HomeIndia NewsWhy did the luster of the government job fade?

Why did the luster of the government job fade?

Varun Gandhi
Every hour in the year 2019, an Indian citizen committed suicide due to unemployment, poverty or bankruptcy. Around 25,000 Indians were forced to commit suicide between 2018 and 2020 due to unemployment or indebtedness. For those who are still unemployed, protests are a natural destiny. Thousands of protesters torched railway coaches in January 2022 over alleged lapses in the railway recruitment process. Serving the nation with respect for a contract worker is a matter of his basic rights and concerns. In its disregard, we have recently seen protests erupting against the Agniveer scheme.

shock to health workers
The situation is also not much better for those doing government jobs. In May 2022, the services of 2,212 contract health workers in Haryana ended in a jiffy. Those who came on the road one time include nurses, sweepers, security guards and paramedical staff. These people were hired during the Covid pandemic, but their need was not felt later. This is a classic example of ‘use and throw’.

Keeping and removing people on short notice is not a part of our work culture, rather it has been imported from outside. This imported culture led to protests by 8,300 panchayat and rural development contract workers in Assam in February 2022. They were on contract for 12-14 years and were not given bonus, allowances, pension or pay revision. Similarly, in April 2022, 200 contractual workers of Chhattisgarh State Electricity Department were first sprayed with water and then arrested. Needless to say, how tragic it is for a public servant to face such a situation.

Actually, the problem is twofold in this case. Firstly, the vacant posts in the government are not being filled at an adequate pace. In July, 2021 there were more than 60 lakh vacancies in the government at all levels. Of these, 9,10,513 vacancies were in various ministries/departments of the central government, while two lakh vacancies were estimated to be in PSU banks. Apart from this, more than 5,31,737 vacancies in state police and 837,592 posts in primary schools were estimated to be vacant. The government has talked about recruiting 10 lakh people in mission-mode in 1.5 years. However, this will be less than the size of the problem. We have to take more serious initiative on this front.

Secondly, even where vacancies are being filled, they are mostly on contract basis. In 2014, 43 per cent of government employees’ jobs were temporary or on contract. By 2018, the number of government employees in this category reached 59 percent. The figure for contractual (and non-permanent) employees for Central Public Sector Enterprises (CPSEs) reached 498,807 in March 2020. This increase in percentage increased from 19 to 37 percent. The share of permanent employees fell by 25 per cent during this period.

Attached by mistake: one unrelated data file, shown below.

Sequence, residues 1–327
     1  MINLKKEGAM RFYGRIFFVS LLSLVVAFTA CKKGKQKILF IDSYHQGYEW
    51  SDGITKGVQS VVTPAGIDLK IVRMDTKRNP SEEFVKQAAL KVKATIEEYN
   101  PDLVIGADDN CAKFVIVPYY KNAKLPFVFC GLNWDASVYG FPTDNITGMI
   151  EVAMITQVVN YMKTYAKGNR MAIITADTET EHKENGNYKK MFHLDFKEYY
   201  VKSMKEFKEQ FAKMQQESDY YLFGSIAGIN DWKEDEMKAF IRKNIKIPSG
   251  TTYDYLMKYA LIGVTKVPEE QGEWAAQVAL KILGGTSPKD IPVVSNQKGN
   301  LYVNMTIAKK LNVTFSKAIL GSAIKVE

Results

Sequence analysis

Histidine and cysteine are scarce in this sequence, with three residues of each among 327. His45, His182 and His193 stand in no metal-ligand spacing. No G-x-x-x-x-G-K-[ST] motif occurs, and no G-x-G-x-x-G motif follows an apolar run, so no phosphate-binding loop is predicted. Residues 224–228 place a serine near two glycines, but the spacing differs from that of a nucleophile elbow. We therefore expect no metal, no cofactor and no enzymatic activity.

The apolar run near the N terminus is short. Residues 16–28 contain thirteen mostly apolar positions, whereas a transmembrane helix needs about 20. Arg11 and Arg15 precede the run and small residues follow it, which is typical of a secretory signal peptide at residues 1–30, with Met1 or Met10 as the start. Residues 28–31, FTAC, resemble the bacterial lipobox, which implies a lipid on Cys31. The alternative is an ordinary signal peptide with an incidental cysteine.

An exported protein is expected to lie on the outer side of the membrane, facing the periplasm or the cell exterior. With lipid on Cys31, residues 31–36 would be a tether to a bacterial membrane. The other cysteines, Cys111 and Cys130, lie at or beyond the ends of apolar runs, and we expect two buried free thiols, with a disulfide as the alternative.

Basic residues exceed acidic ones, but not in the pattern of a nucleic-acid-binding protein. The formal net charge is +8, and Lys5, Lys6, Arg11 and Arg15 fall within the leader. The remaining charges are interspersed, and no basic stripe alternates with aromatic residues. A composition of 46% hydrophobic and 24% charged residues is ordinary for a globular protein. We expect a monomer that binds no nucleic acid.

In 2020, when the pandemic led to massive unemployment, the Uttar Pradesh government sought to amend the recruitment for Group B and C employees. Allowances and specific benefits were not offered to employees in this initiative to extend contractual employment for a period of five years. Significantly, in 2020, the number of such employees in UP was 9 lakh. Under this arrangement, regularization was also talked about after a period of five years. However, it will have to go through a rigorous evaluation process. Those who do not pass this process will be dismissed. Any dependent of the deceased employee, if appointed to such posts, shall also undergo a similar assessment.

We should promote public services instead of expanding contractual employment. For the past few decades, we have been investing less in public goods. During the COVID crisis it was clearly visible that our health system does not have the capacity to provide adequate health support to citizens even under normal circumstances, let alone the pandemic. The expansion of public service provision will also create good quality jobs with skilled labor, which will give us social stability. Emphasis on increasing public health service will create social wealth. This will also help the insurance-based model like Ayushman Bharat to work. Such spending will eventually lead to many more tangible effects with increased consumer demand.

Similarly, there is significant potential for employment generation in the renewable energy sector. There is also significant scope for expansion of wastewater treatment capacity in the area of ​​waste management, which will generate employment opportunities. The adoption of electric vehicles and encouraging green mobility will require significant manpower, which will create green jobs. In addition, we must continue to encourage urban farming with significant employment potential in permaculture, horticulture and nursery management.

skilled civil service
It has to be acknowledged that the sheen of government jobs has faded. We need to attract talent to the government. Instead of reducing or avoiding the cost of pensions and benefits, it has to be given the expected form. Most of the doctors, teachers, engineers and some data clerks are needed in our public services. Reforms supported by the Administrative Reforms Commission should be our initial step in moving forward in this direction. It is time for capacity building for efficient civil service. Once ‘Jai Jawan, Jai Kisan’ was the inspirational model for the government. Today it has become the norm to reject this value.

Disclaimer: The views expressed above are those of the author.

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